Introduction:Plant cuticle is layer covering epidermis of leaves, young tissue and other aerial
plant parts. Cuticles protect plants against dessication, UV radiation and various kinds of
physical, chemical and (micro)biological agents. Moreover, the cuticle also provides some
support. They are produced only by the epidermal cells of leaves, young shoots and all other
plant organs that do not have a periderm.
Composition:( lipids , hydrocarbon polymers impregnated with waxes)
Basic Frame-work: 1) A biopolymer, cutin,and 2) long chain fatty acid( wax).
Cutin is covalently crosslinked polymer of fatty acids. . Cutin monomers may be linked directly
to each other or through esteriﬁcation to glycerol. The cuticle can also contain a non-
saponifiable hydrocarbon polymer known as Cutan.
Typical plant wax composition:
primary alcohols, aldehydes, alkanes, fatty acids, esters, and sometimes cyclic compounds like
triterpenoidsand sterols. In addition, there may be hydroxy-β-diketones, oxo-β-diketones,
alkenes, branched alkanes, acids, esters, acetates and benzoates of aliphatic alcohols, methyl,
phenylethyl and triterpenoid esters, and many more.
Protection of plant from abiotic and biotic stresses such as pathogen , drought etc.
1) Macerating technique for plant leaves: ( millet , orchardgrass and alfalfa)
Steps- a) use rumen fluid ( mixture of interacting microorganism) as macerating
medium full strength or diluted with a nutrient buffer solution in the ratio of 2:5.
b) incubate at 39 C for 72 hrs
2) Dewaxed leaf discs( washing with chloroform) are immersed at room temp. in a solution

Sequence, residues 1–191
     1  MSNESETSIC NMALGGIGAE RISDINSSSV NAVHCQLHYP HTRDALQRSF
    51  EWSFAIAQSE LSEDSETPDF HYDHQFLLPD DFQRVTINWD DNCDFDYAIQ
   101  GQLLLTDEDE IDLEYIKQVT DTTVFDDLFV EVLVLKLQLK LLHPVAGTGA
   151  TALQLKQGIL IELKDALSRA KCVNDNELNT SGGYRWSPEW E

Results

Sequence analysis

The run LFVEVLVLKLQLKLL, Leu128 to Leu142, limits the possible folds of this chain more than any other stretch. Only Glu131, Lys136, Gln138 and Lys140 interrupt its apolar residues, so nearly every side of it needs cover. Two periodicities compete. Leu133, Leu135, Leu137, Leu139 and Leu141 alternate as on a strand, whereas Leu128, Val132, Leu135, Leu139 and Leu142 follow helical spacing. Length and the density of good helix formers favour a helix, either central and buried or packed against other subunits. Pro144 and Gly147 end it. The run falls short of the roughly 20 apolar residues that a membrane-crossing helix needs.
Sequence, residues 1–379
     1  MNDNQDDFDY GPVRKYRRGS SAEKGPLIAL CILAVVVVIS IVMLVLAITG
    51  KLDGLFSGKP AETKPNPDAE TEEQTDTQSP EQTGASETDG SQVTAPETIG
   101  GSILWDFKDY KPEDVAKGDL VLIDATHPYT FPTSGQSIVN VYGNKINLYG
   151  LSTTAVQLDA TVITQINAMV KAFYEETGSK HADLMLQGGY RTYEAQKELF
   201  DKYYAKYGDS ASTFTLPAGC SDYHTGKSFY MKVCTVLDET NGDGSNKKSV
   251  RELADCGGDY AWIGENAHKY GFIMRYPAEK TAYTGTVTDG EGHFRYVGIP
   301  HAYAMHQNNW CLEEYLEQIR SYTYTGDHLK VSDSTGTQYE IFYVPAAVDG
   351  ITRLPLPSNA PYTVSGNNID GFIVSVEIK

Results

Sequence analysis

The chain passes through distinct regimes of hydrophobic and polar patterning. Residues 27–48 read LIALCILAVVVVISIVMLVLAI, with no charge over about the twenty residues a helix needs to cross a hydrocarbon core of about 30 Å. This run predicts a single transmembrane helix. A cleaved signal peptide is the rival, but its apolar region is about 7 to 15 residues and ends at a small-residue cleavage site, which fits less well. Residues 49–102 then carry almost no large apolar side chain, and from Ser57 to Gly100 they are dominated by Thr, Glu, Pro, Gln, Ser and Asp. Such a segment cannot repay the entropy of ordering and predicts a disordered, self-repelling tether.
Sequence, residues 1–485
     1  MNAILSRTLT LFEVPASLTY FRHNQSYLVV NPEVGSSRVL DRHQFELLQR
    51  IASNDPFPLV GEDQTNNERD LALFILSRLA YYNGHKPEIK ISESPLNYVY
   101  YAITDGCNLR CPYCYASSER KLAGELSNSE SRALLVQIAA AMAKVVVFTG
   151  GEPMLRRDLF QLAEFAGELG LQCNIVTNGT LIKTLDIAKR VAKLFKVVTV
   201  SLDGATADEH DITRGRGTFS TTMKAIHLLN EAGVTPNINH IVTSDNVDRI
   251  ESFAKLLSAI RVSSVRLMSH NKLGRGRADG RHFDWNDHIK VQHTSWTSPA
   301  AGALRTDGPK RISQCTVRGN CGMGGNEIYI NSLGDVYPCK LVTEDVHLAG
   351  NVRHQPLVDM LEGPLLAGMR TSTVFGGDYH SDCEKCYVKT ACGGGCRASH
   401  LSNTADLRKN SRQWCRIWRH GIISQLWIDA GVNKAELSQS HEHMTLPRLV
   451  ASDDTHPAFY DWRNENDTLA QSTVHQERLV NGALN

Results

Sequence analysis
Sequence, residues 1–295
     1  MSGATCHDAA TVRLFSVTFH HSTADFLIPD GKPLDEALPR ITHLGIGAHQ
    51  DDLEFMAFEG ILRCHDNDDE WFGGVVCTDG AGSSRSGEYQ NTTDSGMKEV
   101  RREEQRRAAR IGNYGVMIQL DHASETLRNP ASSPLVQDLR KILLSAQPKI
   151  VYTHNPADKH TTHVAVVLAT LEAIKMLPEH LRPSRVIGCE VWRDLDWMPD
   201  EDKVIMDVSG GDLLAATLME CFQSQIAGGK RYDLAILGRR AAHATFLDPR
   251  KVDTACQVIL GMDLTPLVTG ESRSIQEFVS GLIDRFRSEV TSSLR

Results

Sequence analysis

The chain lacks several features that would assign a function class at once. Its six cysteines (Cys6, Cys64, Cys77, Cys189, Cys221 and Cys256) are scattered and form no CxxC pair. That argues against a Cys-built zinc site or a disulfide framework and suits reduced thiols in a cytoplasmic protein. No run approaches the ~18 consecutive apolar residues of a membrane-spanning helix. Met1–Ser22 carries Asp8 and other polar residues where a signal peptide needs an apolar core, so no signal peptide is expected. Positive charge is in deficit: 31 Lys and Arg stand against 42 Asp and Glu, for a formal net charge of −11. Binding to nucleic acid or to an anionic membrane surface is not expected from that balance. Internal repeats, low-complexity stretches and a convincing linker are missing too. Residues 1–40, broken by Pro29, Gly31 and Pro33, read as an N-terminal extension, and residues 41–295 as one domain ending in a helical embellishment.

containing 1g of zink chloride in 1.7ml of hydrochloric acid. 4 to 5 ml reagent per dics( 2
) is used. Membranes begin to separate after I h1r and the reaction is considered
complete if membranes are released oln placing a test disc into a large excess of
distilled water. This normally occurs within 2 to 12 hr.( citrus , ficus).
3) Discs, 1.5 cm in diameter, were punched from the fruits and the cuticles isolated using
an aqueous mixture of 2% (w/v) pectinase and 0.2% (w/v) cellulase buffered at pH 3.6.
After 5 days of incubation at 30 °C the cuticles were recovered, extensively washed in
deionized water, air-dried, and stored for further use. Cuticular waxes were removed
by refluxing the isolated cuticles in chloroform:methanol (1:1) for 8 h.( jose et al,
2004).Cutin samples were obtained after hydrolysis of de-waxed cuticles in a 6 M HCl
solution for 12 h at 105 °C to remove polar hydrolyzable components and then
depolymerized in a 3% (w/v) sodium methoxide solution for 18 h at 100 °C (Luque et
4) Enzymatic degradation—cuticle can be isolated from underlying tissue by enzymatic
degradation of cell walls involving 2% pectinase and .2% cellulose at pH 4.5 ( Chaumat and
Chamet, 1990 but they did at pH 3.8). ( tomato , pepper , rubber , pear , cleaver , Ivy etc.)
---cuticle washed with water and stored.
Method called chloroform dip removes soluble waxes leaving insoluble thin layer of cutin(Arab.)
1) Cuticular layer thickens upon drought stress.
2) Wax components do not make a large contribution to the structure observed( Arabidopsis).
3) Most of the studies have been conducted to observe the change in ultrastructure(e.g thickness)
and permeability of cuticle under certain conditions.
4) Brassica napuscultivars do not show an obvious cuticle layer at 1 week but at 3 weeks the
presence of a cuticle is seen through autofluorescence.
5) There is a considerable variation between plant species in the way in which the cuticle is
attached to the epidermal cell wall.